Yankees rookie catcher Gary Sanchez just played in his 20th major league game, in which he failed to homer. Come on, Gary, get it together. Nonetheless, Sanchez homered in six of his first 20 career games, blasting eight in total, which seems decent; great, even.

If you’ve actually watched, listened to, or read about baseball at all this year, you might remember a shortstop called Trevor Story (please feel free to include your own terrible pun), and if so, you might also be pointing out that Story hit nine home runs in his first 20 games. The Rockies infielder even added a tenth in his 21st game, but Sanchez hasn’t got to play his 21st game yet, so we won’t hold that against him for now.

Both Sanchez and Story made fairly remarkable starts to their major league career, even historically so, depending on your parameters: Sanchez has the most homers through this many games in Yankees history, but that would also be true if he’d hit four, calling into question the fun level of this tweeted fact. Story set all kinds of marks, including becoming the first player to homer in his first four games, and in fact is tied atop the leaderboard for most homers in his first 20, joining Alvin Davis, who blasted his way to Rookie of the Year honours with Seattle in 1984 and George Scott, who made a splash in his debut season with the Red Sox in 1966. Scott’s start was particularly notable for the fact that he did not hit a home run until his sixth game, and had a disastrous five-strikeout outing in his third appearance. Oddly enough, both also hit 27 home runs in their debut seasons, the same total Story will finish with after being ruled out for the rest of the year with a torn thumb ligament.

Home runs are perhaps the loudest way to draw attention to exceptional starts, but there is another historically great debut in progress right now. That debut belongs to Rockies outfielder David Dahl, who recorded a hit in 19 of his first 20 games, joining five other players at the top of this leaderboard (no player has ever got a hit in all 20).

Dahl’s start is perhaps more remarkable than Story’s, in a way: his OPS is fractionally higher than his teammate’s was after 20 games, at .958 to .955, and 12 of those 20 games were away from the ultra-helpful Coors Field, as opposed to nine for Story. Dahl hasn’t slowed down either. He has notched a hit in 26 of his 28 career games thus far, an achievement matched by just two men: the newest member of the 3000-hit club, Ichiro Suzuki, and everyone’s favourite obscure Cleveland outfielder of the 30s and 40s, the outstandingly-nicknamed Roy “Stormy” Weatherly.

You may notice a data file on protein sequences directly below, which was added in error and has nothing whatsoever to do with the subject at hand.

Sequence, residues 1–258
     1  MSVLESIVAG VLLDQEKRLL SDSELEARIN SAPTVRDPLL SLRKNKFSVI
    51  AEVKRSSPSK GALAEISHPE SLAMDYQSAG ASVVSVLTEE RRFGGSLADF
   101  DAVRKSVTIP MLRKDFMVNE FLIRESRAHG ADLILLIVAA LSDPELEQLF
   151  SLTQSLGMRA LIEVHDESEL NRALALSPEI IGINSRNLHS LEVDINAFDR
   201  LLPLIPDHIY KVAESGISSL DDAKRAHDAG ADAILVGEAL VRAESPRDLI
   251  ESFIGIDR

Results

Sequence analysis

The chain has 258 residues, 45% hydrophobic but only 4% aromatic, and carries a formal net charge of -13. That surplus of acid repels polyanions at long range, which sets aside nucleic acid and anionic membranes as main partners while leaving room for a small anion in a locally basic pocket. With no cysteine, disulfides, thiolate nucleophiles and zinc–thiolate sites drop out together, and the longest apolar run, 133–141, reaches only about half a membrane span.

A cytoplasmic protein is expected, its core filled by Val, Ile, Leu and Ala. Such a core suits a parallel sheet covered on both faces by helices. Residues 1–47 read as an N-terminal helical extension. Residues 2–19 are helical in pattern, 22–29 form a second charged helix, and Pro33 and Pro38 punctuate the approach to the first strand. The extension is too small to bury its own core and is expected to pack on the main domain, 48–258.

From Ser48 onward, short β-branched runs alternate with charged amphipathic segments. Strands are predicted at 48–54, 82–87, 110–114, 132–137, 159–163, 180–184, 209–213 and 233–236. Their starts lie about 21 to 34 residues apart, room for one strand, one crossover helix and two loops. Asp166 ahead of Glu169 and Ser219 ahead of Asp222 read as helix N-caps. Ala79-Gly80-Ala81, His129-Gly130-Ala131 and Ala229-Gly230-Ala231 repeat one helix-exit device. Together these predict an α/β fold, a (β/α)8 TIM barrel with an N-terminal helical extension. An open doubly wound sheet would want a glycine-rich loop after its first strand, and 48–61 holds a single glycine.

Roy Weatherly's card from his rookie year, courtesy of thebaseballcube.com.

Roy Weatherly’s card from his rookie year, courtesy of thebaseballcube.com.

If we’re talking about OPS, however, Sanchez far outstrips both Dahl and Story, holding a 1.190 OPS after his 20th game. Does the 23-year-old have the record there? Sadly for Gary, he doesn’t even have the record this season. No, that goes to Cardinals rookie Aledmys Diaz, who started the year with an absurd stretch in which he struck out just three times in 20 games, while hitting eight doubles, a triple and four homers, good for an 1.263 OPS. Diaz narrowly beats out the aforementioned Alvin Davis, who managed a 1.260 OPS with those nine home runs in his first 20, but everyone pales in comparison to the Mets’ 1985 first-round pick, Gregg Jefferies. In September 1987, Jefferies came up and appeared exclusively as a bench bat, getting six pinch-hit at-bats in six games, with two singles and a double. He then had to wait almost a year to make his next appearance – and first start – as the Mets didn’t bring him back up until August 28th, 1988. Over his next 14 games, Jefferies hit .429/.467/.893, leaving him with a first-20 OPS of 1.341.

As remarkable as Sanchez has been, he isn’t quite at the top of any of these lists, although the fact that he’s doing it at as a catcher adds something, as an Effectively Wild Facebook group member noted, even if he has appeared as the designated hitter in 7 of those games, and even if – as another group member reminds us in the same post – Taylor Teagarden, owner of a career .637 OPS, had a very similar start to his career.

Despite numerous Hall of Famers and household names appearing on these lists of hot starts to a career – Pujols, McCovey and DiMaggio are also among them – the likes of Teagarden and Weatherly are a reminder that these are all statistical curiosities rather than guarantees of future greatness. Dahl and Sanchez are in the midst of tremendous runs, and they have the chance to tie or break more records before the season’s out. It starts to get more difficult from here: Sanchez needs five homers in his next ten games to pass Kevin Maas for most homers in the first 30 games of a career (12), for instance, while Ichiro’s third hitless game didn’t come until his 42nd appearance in the majors, meaning that Dahl needs to get a hit in his next sixteen games just to tie. For now, it’s probably best to just appreciate the fact that both players, like Diaz and Story, have managed the rather rare feat of making a very difficult task look simple.

Thanks as always to the invaluable Baseball-Reference Play Index.

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